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Marketing Through Influencers

With the advent of the Internet, marketers were given a new way of advertising their products. Moreover, unlike billboards, these ads did not have any physical constraints or labor costs; distribution amounted to finding a website willing to host the ad. Times were good for marketers. Unfortunately this is no longer enough as, according to a survey conducted by Goo Technologies, approximately 82% of Americans ignore online ads [1]. To combat this, companies have gradually begun to embrace native marketing using services such as Facebook or Twitter.

This type of marketing makes sense; ads are specifically tailored for individual segments of the market, increasing the chances that an individual will click the ad. However, there are problems. In an increasingly connected world, people are experiencing “social fatigue” leading to 61% of current Facebook users to take a break from Facebook, some of which never come back [2]. Perhaps more surprising and potentially troublesome is that the average of Facebook users is about 40 years old and that the two fastest growing user groups are ages 55- 64 and 65+ [2]. Since preferences change with age, companies’ ability to market to the younger crowd decreases. Most problematic, as more companies engage in native marketing, the more noisy this area becomes, and consumers begin to filter out the ads, even those they have “liked” or “followed.” Ads from the company that began as interesting for the user become useless noise. Moreover, although native ads can be utilized outside of social networks like Facebook, there is reason to believe that it is not sustainable outside of them, on other websites a person may go on [8]. Finally, native marketing is time consuming and difficult; In all honesty, it is difficult to find a good balance between posting too much and too little.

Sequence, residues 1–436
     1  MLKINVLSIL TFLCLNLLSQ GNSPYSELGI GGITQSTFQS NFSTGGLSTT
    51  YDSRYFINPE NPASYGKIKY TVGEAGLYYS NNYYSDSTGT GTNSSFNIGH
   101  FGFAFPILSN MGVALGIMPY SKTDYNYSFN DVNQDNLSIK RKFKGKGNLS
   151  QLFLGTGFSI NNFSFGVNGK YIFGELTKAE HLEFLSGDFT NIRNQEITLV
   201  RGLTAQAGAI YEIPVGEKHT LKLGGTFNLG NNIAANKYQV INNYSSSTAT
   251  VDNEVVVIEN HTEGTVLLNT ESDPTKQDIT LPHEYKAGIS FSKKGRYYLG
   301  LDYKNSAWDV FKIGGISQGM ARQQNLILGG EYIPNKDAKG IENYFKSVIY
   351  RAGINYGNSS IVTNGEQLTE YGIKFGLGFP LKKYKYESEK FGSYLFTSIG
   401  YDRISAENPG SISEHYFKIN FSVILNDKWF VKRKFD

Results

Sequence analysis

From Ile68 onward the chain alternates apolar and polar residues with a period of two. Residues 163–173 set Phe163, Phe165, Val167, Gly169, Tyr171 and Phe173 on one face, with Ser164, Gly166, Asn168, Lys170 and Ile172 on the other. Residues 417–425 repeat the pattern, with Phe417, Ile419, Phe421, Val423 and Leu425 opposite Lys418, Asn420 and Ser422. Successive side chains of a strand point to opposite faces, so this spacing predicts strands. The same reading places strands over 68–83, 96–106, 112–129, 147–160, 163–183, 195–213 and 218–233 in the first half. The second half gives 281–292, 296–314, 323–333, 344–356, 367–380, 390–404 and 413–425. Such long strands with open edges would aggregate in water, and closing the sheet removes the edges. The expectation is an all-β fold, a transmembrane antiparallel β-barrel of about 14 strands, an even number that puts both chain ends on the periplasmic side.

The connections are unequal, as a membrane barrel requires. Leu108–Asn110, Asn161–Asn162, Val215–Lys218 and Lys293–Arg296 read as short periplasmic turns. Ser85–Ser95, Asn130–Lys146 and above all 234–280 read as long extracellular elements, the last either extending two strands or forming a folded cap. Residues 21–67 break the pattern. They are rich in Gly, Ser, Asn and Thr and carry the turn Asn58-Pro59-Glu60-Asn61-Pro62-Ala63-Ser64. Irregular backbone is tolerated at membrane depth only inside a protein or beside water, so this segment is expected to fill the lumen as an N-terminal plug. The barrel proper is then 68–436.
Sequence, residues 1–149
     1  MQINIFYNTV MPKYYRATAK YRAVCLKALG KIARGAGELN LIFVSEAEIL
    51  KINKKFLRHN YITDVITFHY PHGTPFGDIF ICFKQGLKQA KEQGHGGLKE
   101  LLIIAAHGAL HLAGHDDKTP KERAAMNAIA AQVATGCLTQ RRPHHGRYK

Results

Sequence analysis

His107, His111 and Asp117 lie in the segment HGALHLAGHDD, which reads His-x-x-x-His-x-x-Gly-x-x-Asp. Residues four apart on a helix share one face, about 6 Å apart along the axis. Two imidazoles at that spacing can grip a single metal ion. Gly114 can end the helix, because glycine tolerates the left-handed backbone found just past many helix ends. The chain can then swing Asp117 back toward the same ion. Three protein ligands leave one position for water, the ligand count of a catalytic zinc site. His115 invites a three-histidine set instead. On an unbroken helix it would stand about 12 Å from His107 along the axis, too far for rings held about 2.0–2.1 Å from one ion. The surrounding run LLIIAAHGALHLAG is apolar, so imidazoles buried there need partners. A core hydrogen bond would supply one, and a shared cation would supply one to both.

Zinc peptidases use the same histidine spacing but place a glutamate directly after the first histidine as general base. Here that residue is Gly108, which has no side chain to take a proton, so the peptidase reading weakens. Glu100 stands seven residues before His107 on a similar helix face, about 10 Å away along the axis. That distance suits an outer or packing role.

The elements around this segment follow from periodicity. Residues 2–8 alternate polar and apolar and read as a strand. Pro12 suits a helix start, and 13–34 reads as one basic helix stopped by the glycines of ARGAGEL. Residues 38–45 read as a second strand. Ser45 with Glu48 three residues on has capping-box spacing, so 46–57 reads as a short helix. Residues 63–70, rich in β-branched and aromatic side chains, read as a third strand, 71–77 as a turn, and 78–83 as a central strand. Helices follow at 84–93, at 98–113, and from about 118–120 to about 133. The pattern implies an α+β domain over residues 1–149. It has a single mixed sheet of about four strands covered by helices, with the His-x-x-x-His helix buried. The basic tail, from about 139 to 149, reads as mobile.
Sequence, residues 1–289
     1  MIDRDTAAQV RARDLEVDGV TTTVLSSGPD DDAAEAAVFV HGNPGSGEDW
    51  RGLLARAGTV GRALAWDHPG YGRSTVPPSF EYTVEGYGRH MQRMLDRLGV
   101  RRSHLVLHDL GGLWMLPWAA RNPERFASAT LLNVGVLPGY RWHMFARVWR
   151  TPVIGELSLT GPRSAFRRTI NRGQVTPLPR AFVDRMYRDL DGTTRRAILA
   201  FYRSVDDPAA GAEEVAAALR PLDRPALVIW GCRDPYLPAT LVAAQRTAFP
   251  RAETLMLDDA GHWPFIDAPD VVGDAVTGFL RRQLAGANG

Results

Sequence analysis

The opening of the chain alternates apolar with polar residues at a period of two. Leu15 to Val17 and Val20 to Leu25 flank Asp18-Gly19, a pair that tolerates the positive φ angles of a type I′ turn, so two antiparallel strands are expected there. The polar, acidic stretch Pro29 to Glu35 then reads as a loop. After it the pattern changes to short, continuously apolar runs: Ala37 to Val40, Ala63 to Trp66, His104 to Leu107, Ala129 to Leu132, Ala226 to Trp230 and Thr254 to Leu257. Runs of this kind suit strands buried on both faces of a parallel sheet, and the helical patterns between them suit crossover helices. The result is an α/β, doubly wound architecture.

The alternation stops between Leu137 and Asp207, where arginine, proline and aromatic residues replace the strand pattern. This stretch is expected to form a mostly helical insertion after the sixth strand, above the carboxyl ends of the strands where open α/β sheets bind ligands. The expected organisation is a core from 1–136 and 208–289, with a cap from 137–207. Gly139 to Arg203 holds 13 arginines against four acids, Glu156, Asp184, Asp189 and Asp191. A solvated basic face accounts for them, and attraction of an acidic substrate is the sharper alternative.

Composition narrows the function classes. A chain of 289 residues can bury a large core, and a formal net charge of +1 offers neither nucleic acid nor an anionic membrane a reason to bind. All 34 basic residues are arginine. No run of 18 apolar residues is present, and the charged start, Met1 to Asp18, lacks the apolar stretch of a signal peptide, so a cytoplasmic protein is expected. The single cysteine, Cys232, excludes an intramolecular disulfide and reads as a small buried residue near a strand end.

Is there hope for marketing and advertisements then? Before answering this question, information cascades need to be addressed. Information cascades occur when people act in a way that conforms to actions of others, despite their own individual wants and needs. Moreover, such cascades are self-feeding. As the group grows, so do the number of people who conform to the actions of the group; in one particular study, researchers found that if one person stared at the sky, very few others did. If this group was increased to size 5, some people began to stare at the sky as well, trying to find something that wasn’t there. Once the group contained 15 people, approximately 45% of people (random strangers no less) also looked up into the sky [3]. The lesson to be learned here is that people tend to “follow the crowd.” Now, if marketers could effectively leverage this, then effectiveness of the ads should increase.